Fortunately, there are medication alternatives to successfully treating ADHD children that is supported by research evidence. Children afflicted with this disorder also tend to have more ear infections, asthma, headaches, dry skin, and eczema, compared to other children.
Donald Rudin MD, and Clara Felix, authors of Omega-3 Oils: A Practical Guide (Avery 1996). Both Rudin and Felix believe ADD and the other conditions are due to omega-3 fatty acid deficiency, and are part of a modernization-disease syndrome.
Omega-3 fatty acid deficiency’s link to ADHD has been confirmed by studies in which youngsters with ADHD, when compared with non-ADHD children had much lower blood levels of docosahexaenoic acid. This particular fatty acid is critical for normal brain function, eye function. In particular it plays a key role in the cerebral cortex (the portion of the brain responsible for reasoning and memory).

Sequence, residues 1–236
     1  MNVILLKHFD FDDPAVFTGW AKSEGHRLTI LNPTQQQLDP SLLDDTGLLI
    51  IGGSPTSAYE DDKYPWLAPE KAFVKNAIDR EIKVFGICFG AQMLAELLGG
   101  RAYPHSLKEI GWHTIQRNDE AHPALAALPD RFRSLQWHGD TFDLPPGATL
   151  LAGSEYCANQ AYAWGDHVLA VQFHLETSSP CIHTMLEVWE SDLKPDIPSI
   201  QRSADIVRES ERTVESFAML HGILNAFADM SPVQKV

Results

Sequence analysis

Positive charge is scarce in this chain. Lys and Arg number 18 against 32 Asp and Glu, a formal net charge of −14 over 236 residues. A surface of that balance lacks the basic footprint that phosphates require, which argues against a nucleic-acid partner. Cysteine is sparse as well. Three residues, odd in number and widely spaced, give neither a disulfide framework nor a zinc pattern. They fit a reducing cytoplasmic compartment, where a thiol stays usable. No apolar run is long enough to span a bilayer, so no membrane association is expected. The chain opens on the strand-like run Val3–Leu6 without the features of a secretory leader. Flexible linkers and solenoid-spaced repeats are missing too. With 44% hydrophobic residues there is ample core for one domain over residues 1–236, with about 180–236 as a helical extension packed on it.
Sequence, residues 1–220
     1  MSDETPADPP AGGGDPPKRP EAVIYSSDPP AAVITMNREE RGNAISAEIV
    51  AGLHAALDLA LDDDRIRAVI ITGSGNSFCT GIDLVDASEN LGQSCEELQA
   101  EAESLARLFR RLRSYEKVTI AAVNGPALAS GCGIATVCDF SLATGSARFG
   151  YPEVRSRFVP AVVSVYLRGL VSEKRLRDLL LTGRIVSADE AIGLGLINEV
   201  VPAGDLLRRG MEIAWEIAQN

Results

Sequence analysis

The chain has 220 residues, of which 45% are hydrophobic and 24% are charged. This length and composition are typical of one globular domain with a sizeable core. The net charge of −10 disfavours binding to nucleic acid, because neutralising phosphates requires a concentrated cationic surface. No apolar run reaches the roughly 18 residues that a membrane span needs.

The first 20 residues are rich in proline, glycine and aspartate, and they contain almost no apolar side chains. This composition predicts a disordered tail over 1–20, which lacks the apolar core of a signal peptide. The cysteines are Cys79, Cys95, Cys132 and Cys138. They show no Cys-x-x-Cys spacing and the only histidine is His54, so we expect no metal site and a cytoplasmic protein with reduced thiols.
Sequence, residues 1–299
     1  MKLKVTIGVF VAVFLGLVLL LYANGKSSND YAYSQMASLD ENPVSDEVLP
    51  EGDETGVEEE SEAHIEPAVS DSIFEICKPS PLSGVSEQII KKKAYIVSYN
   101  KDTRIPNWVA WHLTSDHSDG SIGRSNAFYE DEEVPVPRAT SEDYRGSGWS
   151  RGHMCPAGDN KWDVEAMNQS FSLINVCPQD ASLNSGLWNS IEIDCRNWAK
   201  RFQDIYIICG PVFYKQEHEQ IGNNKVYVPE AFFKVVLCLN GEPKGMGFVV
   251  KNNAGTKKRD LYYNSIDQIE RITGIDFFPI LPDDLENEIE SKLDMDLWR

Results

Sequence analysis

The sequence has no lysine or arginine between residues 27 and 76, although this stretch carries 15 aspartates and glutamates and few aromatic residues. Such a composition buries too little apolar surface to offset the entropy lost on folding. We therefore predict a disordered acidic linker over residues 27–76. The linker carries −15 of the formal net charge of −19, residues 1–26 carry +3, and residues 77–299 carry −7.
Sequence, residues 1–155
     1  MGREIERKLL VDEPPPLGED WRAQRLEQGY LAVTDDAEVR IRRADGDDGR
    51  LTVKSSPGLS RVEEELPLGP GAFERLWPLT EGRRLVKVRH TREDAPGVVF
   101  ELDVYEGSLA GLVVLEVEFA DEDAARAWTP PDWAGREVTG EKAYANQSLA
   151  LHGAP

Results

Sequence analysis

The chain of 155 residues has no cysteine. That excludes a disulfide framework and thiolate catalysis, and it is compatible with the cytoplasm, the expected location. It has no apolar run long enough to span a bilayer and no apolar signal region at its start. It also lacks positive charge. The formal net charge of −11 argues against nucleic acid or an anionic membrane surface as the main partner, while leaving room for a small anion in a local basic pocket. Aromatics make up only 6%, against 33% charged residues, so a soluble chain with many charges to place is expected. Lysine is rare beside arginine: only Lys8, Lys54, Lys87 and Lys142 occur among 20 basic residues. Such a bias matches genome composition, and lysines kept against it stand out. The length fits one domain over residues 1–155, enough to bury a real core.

Two types of fatty acids are considered essential. Omega-3 and omega-6 fatty acids cannot be synthesized in the body, and must be obtained from the diet. The omega-6 fatty acids are distributed evenly in most tissues and easily obtained through food sources commonly found in the American diet, but omega-3 fatty acids are concentrated in a few tissues including the brain.
Due to their extremely low levels in the contemporary American diet, the majority of children are deficient in omega-3 fatty acids. Omega-3 fatty acid deficiency most likely leads to behavioral problems in children, and perhaps adults as well. Adult Depression has been successfully treated with fish oils containing these fatty acids.